2.5 The wider strategic context for the development strategy is provided by the National Planning Framework 2 (NPF2), Scottish Planning Policies (SPPs), Planning Advice Notes (PANs), the Joint Structure Plan (JSP) and other relevant national frameworks such as the National Waste Plan. 2.6 The JSP identifies a Corridor of Growth, with the Clyde Corridor and City Centre at its heart, to promote new economic development in sustainable locations, well linked to areas of social need. This is supported by the Scottish Governments Regeneration Policy Statement: People and Place which identifies the Clyde Corridor (Clyde Waterfront and Clyde Gateway) as the national regeneration priority. The JSP also promotes a number of other geographic initiatives (e.g. Community Growth Areas) in support of its agenda for sustained growth for the City and the surrounding region. 2.7 The City Plan also takes cognisance of, and reflects: the content of other Council policies and strategies and those of the Councils partners including the Council Plan and its Key objectives, Metropolitan Glasgow Our Vision for the Glasgow City Region (the strategy of the Clyde Valley Community Planning Partnership), Our Vision for Glasgow Glasgows Community Plan (which promotes the aims of the Citys new Community Planning Partnership) and various plans and strategies, including the Economic Strategy, Local Housing Strategy, School Estate Management Plan, Local Transport Strategy, Regional Transport Strategy, Glasgows Cultural Strategy, Glasgows Tourism Strategy, Local Biodiversity Action Plan and Area Waste Plan;

Figure 2.1: Glasgow and the Clyde Valley Joint Structure Plan Area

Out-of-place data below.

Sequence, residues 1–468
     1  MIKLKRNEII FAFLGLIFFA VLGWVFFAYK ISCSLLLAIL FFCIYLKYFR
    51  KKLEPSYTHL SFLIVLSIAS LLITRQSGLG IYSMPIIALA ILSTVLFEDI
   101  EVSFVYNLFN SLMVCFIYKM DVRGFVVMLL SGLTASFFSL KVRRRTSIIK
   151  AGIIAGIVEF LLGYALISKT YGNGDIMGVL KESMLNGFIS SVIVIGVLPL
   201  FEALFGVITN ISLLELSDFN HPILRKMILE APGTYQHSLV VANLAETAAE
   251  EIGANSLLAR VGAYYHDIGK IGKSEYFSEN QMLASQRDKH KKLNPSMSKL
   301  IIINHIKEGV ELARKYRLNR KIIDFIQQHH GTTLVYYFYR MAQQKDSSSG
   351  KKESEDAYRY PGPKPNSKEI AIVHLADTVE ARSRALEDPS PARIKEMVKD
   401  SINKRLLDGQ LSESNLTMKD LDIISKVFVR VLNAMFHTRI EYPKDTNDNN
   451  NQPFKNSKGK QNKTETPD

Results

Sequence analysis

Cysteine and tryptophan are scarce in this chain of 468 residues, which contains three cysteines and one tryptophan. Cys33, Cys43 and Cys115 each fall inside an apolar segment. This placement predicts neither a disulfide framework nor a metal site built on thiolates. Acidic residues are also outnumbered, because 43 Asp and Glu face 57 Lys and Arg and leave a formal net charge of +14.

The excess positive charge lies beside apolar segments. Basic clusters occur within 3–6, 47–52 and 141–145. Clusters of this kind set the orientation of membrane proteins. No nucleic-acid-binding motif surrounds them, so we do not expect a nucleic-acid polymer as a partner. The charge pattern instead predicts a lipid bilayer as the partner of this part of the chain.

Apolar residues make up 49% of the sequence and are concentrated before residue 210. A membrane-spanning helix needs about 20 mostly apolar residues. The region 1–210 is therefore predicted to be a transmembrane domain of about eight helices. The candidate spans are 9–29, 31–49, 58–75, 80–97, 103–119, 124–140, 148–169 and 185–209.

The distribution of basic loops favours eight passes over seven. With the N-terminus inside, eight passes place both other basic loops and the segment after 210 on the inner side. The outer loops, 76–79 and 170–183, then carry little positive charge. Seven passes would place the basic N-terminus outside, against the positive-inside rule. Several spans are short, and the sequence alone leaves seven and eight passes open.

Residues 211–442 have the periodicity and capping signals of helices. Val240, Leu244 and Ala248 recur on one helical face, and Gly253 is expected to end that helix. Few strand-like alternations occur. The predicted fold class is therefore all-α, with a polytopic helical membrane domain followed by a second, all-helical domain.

the various annual monitoring and review reports produced by the Council including: population and household estimates, private sector housing land supply, industrial and business land supply, retail/hotel/leisure sector planning applications, the scale of the overall private sector development activity and the review of planning and enforcement appeals; and many of the local development strategies and planning studies required by City Plan 1 which have now been prepared and approved by the Council. (2005). Although a considerable improvement on the relative position in 2002, when the rate was 63% above that of Scotland and 113% above that for Great Britain, unemployment remains a problem. City Plan 2 will help address these issues by, amongst other things, facilitating, and providing locations for, jobs and services which are accessible by public transport, foot and bicycle and by improving the image of the City, thereby helping attract inward investment, through securing the highest possible quality of design in new development. The nature of the built environment can also hinder some sectors of society from being able to participate fully, or independently, in City life as a result of, e.g., disability or age. City Plan 2 will seek to address this issue by promoting accessibility and inclusive design in new developments. DELIVERING SUSTAINABLE DEVELOPMENT The pursuit of sustainable development is central to the Global, European, UK and Scottish agendas. The Scottish Government, for example, is committed to an integrated approach to development that recognises that the environmental, economic and social dimensions of life are inter-related and equally important. There is also a growing recognition of the need to achieve sustainable development and a just society. This means promoting social renewal and fairness, encouraging sustainable economic development, protecting and enhancing the physical and natural environment and ensuring the efficient use of energy and resources. Addressing both the sources and impacts of climate change, and improving air quality and biodiversity, are some of the key components in delivering sustainable development. City Plan 2 will help address these issues through the implementation of specific policies related to the location, nature and design of new development. IMPROVING THE HEALTH OF THE CITY AND ITS RESIDENTS Whilst the health of Glaswegians is improving, this improvement is not keeping pace with that of Scotland or the UK, generally. Glaswegian males, for example, are twice as likely to die before the age of 65 than males in England and Wales, and significantly more likely than those in the rest of Scotland. The root causes of poor health are numerous and interlinked. Many determinants of health, however, have some basis in land use. Air and water quality, for example, are, in part, determined by the pollution emitted by transport or through contaminated land. Accessibility to health services, cultural and sporting facilities and local recreation and greenspace, and facilitating more active lifestyles, are some of the other issues which can improve both physical and mental health.